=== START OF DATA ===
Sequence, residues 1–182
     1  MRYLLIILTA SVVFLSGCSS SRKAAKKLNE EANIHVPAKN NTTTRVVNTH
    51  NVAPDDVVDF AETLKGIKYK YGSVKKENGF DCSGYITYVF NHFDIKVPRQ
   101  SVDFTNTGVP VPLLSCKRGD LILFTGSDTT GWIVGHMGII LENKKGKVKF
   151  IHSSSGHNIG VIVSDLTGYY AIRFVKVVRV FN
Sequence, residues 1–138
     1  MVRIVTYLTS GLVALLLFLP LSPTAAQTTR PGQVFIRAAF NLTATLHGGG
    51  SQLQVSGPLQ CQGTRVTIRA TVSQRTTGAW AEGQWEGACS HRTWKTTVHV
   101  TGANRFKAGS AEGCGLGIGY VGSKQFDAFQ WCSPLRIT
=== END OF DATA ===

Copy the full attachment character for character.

Sequence, residues 1–182
     1  MRYLLIILTA SVVFLSGCSS SRKAAKKLNE EANIHVPAKN NTTTRVVNTH
    51  NVAPDDVVDF AETLKGIKYK YGSVKKENGF DCSGYITYVF NHFDIKVPRQ
   101  SVDFTNTGVP VPLLSCKRGD LILFTGSDTT GWIVGHMGII LENKKGKVKF
   151  IHSSSGHNIG VIVSDLTGYY AIRFVKVVRV FN
Sequence, residues 1–138
     1  MVRIVTYLTS GLVALLLFLP LSPTAAQTTR PGQVFIRAAF NLTATLHGGG
    51  SQLQVSGPLQ CQGTRVTIRA TVSQRTTGAW AEGQWEGACS HRTWKTTVHV
   101  TGANRFKAGS AEGCGLGIGY VGSKQFDAFQ WCSPLRIT